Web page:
It is not a matter of coincidence that Albert Pinto has been a symbol of the postmodern Angry Man of Bollywood. It’s been a long time since Naseeruddin Shah portrayed the character of a dilapidated hero in his own life, laden with burdensome insecurities amidst the treachery of political atrocities and fraught love life. The maestro Saeed Akhtar Mirza took on the helm of parallel cinema in 1980 to release his highly acclaimed movie “Albert Pinto Ko Gussa Kyon Ata Hai,” which went on to win the Filmfare Critics Award for Best Movie.

It was a time when public reviews were raving with rage, and cinematic occasions did not need to yearn for an accolade or a father figure. Indeed, Mirza lived in an epoch when the idea of awards and their subsequent persuasive qualities solely depended on the integral facets of the movie and which aspects of the turbulent times it managed to portray. 

Even though the initial movie was foregrounded during times of Emergency, a namesake of the same title was seen when Manav Kaul decided to recreate it in 2019, managing nominally to touch on the contemporary issues of our generation, channelizing one’s anger towards the absence of electricity in rural hinterlands and criticizing the alcohol and flesh trade. Mirza’s cult character portrayal was well-placed in the then-Mumbai cosmopolitan locale, reconciling, as Rajeev Dhavan has argued, the politics of struggle with the politics of governance.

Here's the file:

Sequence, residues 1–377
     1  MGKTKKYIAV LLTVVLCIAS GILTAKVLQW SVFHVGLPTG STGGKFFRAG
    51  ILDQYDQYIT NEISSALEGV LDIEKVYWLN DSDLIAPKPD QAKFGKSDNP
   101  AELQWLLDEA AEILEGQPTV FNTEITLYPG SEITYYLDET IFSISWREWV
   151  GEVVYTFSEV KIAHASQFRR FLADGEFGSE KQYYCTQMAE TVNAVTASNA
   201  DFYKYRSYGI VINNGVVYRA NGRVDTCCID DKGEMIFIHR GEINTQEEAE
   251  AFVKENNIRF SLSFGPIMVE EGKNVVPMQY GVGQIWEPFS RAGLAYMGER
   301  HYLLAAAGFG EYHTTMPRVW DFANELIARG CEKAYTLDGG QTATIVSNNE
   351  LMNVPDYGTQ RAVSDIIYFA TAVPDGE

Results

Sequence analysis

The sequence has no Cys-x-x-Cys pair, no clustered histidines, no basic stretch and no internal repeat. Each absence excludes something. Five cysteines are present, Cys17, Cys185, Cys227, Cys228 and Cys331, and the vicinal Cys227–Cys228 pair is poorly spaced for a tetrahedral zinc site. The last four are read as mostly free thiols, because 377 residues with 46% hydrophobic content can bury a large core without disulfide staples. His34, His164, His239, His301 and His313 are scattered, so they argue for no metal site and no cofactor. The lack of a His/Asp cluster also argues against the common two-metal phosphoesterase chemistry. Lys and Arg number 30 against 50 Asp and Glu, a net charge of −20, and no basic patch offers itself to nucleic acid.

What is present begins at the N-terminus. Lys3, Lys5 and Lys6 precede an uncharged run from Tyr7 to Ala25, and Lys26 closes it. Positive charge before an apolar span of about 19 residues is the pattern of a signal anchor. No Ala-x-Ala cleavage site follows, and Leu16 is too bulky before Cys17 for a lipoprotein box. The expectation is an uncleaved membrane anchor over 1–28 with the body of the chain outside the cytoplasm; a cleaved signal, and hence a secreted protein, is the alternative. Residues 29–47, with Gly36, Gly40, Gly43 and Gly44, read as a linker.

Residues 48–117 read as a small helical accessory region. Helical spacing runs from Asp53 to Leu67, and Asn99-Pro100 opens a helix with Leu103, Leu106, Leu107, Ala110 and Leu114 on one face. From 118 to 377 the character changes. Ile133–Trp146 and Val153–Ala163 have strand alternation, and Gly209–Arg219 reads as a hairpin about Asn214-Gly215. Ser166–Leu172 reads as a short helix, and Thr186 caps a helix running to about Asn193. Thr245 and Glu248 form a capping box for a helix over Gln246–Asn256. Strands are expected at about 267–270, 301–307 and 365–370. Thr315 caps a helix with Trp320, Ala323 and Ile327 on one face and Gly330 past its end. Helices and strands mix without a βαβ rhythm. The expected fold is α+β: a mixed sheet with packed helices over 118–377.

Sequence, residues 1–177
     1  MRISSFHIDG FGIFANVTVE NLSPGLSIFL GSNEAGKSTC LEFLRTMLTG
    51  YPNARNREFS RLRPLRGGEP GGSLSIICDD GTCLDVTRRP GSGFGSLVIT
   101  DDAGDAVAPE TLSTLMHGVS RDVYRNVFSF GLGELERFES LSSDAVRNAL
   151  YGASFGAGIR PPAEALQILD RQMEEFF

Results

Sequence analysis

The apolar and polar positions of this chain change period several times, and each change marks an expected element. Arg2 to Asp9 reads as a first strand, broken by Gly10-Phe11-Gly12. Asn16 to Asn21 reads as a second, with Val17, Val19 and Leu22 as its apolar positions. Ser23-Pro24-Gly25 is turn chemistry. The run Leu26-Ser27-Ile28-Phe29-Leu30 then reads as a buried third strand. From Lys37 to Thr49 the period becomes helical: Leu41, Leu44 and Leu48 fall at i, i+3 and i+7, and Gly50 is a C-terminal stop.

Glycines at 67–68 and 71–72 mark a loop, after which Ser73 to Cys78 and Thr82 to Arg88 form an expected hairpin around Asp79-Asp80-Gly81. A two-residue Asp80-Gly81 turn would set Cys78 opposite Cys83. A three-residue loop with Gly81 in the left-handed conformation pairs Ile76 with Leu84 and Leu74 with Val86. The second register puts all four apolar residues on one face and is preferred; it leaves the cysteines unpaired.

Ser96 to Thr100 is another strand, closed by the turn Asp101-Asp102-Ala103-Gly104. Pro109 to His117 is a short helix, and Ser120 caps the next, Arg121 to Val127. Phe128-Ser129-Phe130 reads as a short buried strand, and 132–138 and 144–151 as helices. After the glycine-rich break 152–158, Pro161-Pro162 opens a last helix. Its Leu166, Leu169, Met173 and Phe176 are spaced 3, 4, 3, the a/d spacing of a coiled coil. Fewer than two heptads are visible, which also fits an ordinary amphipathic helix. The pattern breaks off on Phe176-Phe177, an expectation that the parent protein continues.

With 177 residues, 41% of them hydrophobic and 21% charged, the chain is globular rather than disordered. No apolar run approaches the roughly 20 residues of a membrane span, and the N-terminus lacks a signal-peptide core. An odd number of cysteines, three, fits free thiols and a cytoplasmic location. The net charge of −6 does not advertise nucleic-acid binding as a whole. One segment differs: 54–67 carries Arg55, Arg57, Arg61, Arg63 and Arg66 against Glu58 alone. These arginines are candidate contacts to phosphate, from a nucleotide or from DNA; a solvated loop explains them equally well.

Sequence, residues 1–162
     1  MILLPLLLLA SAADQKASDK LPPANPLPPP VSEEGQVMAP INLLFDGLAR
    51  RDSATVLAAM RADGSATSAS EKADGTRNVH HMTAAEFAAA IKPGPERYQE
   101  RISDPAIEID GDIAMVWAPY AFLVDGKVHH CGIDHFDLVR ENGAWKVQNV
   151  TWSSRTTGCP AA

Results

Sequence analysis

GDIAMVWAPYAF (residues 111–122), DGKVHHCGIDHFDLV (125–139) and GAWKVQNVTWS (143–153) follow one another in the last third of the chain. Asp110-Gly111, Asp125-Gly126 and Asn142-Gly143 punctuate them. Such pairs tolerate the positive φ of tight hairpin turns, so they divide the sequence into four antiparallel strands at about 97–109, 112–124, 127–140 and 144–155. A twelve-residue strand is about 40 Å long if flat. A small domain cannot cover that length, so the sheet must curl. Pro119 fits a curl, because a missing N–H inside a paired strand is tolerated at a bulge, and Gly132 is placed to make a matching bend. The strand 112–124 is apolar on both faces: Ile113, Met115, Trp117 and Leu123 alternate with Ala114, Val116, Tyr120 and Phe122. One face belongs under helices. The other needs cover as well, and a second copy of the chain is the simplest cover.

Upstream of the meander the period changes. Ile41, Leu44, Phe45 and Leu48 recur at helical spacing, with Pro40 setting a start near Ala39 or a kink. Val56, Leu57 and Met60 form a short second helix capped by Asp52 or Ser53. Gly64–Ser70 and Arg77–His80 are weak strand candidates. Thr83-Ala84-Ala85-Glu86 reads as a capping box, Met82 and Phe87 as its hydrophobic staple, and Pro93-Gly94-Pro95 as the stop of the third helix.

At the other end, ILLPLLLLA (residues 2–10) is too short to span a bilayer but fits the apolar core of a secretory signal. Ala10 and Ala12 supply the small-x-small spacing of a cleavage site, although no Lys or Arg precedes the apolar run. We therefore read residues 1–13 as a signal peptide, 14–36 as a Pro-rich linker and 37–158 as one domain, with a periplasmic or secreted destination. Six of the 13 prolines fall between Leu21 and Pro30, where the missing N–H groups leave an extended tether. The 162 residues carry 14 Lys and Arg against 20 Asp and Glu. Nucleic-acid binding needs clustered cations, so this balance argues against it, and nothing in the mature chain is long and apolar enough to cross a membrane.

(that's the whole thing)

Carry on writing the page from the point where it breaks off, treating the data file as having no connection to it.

The policies of the Indira Gandhi-led Congress Party were a disastrous and bombastic shock therapy for all Indians. It affected, in lieu of a Pandemic, all sectors of a thriving economy. Yet, it was not the effect of any incantation tried on a certain lower middle-class car mechanic to search for the right issue to fight for. Indeed, Pinto, in his entire sobriety, continued to rev up on matters that did not concern him, a merciless, at times ruthless examination of his own patriarchal sanctions, failures, and crises.

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With the aim to attain proximity to the world consumer market, Mirza shows how a young Christian mechanic draws on inadvertent pride at being associated with his millionaire clients: “Me kisiko Saab Vaab nahi bolta. Bolta hu Murad, Ei Murad. Aise” (“I don’t call anyone Sir or Saab. I call them in this manner – Murad, Ei Murad”). The opening scene confirms this uneasy yet self-assured attitude of the protagonist. It is almost believable from first sight that his clientele is his friends, as he test-drives their cars and passes his own judgments on their acceleration.

However, as one moves forward into the nuances of the tale, one realizes how insignificant, hollow, and benevolent his self-esteem really is. The illusion of Indians to work hard and earn their share has been a decadent guilty pleasure for years. Albert Pinto emulates his affluent acquaintances, only to return to penury, which shows him the true state of affairs. 

A still from ‘Albert Pinto Ko Gussa Kyon Aata Hai? (1980)